Bueno, bueno, bueno... se acerca homenaje, revival, reediciones, charlas y fastos varios para William Golding. Repaso aquí varias cubiertas -algunas más afortunadas que otras- de sus cientos de ediciones en bolsillo.
Y, algo muy bonito de leer, el prólogo a la edición especial del centenario de su publicación escrito por el insigne Stephen King. Enjoy it:
Of course, there was no town library, but in the deserted Methodist parsonage about a quarter of a mile from the house where my brother David and I grew up there was one room piled high with mouldering books, many of them swelled to the size of telephone directories. A good percentage of them were boys’ books of the sort our British cousins call ‘ripping yarns’. David and I were voracious readers, a habit we got from our mother, and we fell upon this trove like hungry men on a chicken dinner. I grew up in a small northern New England farming community where most of the roads were dirt, there were more cows than people, and the school housing grades one through eight was a single room heated by a woodstove. Kids who were bad didn’t get detention; they had to stay after school and either chop stovelengths or sprinkle lime in the privies. There were dozens concerning the brilliant boy inventor Tom Swift (we used to joke that sooner or later we’d surely come across one titled 'Tom Swift and His Electric Grandmother'); there were almost as many about a heroic World War II RAF pilot named Dave Dawson (whose Spitfire was always ‘prop-clawing for altitude’). We fought the evil Scorpion with Don Winslow, detected with the Hardy Boys, roved with the Rover Boys.There was no library, but in the early 1960s the library came to us. Once a month a lumbering green van pulled up in front of our tiny school. Written on the side in large gold letters was STATE OF MAINE BOOKMOBILE. The driver-librarian was a hefty lady who liked kids almost as much as she liked books, and she was always willing to make a suggestion. One day, after I’d spent twenty minutes pulling books from the shelves in the section marked YOUNG READERS and then replacing them again, she asked me what sort of book I was looking for.I thought about it, then asked a question – perhaps by accident, perhaps as a result of divine intervention – that unlocked the rest of my life. ‘Do you have any stories about how kids really are?’
She thought about it, then went to the section of the Bookmobile marked ADULT FICTION, and pulled out a slim hardcover volume. ‘Try this, Stevie,’ she said. ‘And if anyone asks, tell them you found it yourself. Otherwise, I might get into trouble.’The book, of course, was the one you are now about to reread or perhaps (oh, lucky you) to experience for the first time.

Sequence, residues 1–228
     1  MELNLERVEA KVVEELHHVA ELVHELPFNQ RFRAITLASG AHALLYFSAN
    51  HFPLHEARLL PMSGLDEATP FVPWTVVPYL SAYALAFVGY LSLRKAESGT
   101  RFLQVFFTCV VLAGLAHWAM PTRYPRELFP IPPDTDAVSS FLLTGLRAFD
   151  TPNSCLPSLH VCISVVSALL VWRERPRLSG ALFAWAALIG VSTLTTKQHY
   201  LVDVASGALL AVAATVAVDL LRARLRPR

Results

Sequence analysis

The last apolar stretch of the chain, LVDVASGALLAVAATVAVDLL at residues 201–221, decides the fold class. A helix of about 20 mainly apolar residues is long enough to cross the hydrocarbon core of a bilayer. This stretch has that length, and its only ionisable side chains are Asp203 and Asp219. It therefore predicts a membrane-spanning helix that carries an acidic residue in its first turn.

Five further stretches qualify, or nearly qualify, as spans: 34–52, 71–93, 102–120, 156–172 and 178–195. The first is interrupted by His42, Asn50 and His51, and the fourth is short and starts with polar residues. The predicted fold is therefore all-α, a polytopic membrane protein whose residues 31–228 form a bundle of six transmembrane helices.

Imagine my surprise (shock might be closer) when, half a century after that visit to the Bookmobile parked in the dusty dooryard of the Methodist Corners School, I downloaded the audio version of Lord of the Flies and heard William Golding articulating, in the charmingly casual introduction to his brilliant reading, exactly what had been troubling me. ‘One day I was sitting one side of the fireplace, and my wife was sitting on the other, and I suddenly said to her, “Wouldn’t it be a good idea to write a story about some boys on an island, showing how they would really behave, being boys and not little saints as they usually are in children’s books.” And she said, “That’s a first-class idea! You write it!” So I went ahead and wrote it.’I had read adult novels before, or what passed for them (the room of water-dampened books in the Methodist parsonage was full of Hercule Poirots and Miss Marples as well as Tom Swifts), but nothing that had been written about children, for adults. I was thus unprepared for what I found between the covers of Lord of the Flies: a perfect understanding of the sort of beings I and my friends were at twelve or thirteen, untouched by the usual softsoap and deodorant. Could we be good? Yes. Could we be kind? Yes again. Could we, at the turn of a moment, become little monsters? Indeed we could. And did. At least twice a day and far more frequently on summer vacations, when we were often left to our own devices.What I keep coming back to is Golding saying, ‘Wouldn’t it be a good idea to write a story about some boys . . . showing how they would really behave.’ It was a good idea. A very good idea that produced a very good novel, one as exciting, relevant and thought-provoking now as it was when Golding published it in 1954. Nor does a visceral, emotional reaction to a novel preclude analysis. I finished the last half of Lord of the Flies in a single afternoon, my eyes wide, my heart pounding, not thinking, just inhaling. But I’ve been thinking about it ever since, for fifty years and more. My rule of thumb as a writer and a reader – largely formed by Lord of the Flies – is feel it first, think about it later. Analyse all you want, but first dig the experience.